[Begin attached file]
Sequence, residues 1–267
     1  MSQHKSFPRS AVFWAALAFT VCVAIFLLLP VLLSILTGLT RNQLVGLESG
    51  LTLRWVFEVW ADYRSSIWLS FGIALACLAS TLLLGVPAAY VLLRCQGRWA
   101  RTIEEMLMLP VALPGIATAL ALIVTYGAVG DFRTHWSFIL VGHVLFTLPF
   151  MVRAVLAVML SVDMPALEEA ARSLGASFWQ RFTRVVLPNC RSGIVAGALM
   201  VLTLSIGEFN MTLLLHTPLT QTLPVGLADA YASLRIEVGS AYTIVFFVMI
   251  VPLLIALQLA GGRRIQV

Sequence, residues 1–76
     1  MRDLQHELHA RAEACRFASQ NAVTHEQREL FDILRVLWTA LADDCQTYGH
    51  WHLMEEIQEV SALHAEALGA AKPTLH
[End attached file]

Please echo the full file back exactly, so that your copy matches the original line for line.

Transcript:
Sequence, residues 1–267
     1  MSQHKSFPRS AVFWAALAFT VCVAIFLLLP VLLSILTGLT RNQLVGLESG
    51  LTLRWVFEVW ADYRSSIWLS FGIALACLAS TLLLGVPAAY VLLRCQGRWA
   101  RTIEEMLMLP VALPGIATAL ALIVTYGAVG DFRTHWSFIL VGHVLFTLPF
   151  MVRAVLAVML SVDMPALEEA ARSLGASFWQ RFTRVVLPNC RSGIVAGALM
   201  VLTLSIGEFN MTLLLHTPLT QTLPVGLADA YASLRIEVGS AYTIVFFVMI
   251  VPLLIALQLA GGRRIQV

Sequence, residues 1–76
     1  MRDLQHELHA RAEACRFASQ NAVTHEQREL FDILRVLWTA LADDCQTYGH
    51  WHLMEEIQEV SALHAEALGA AKPTLH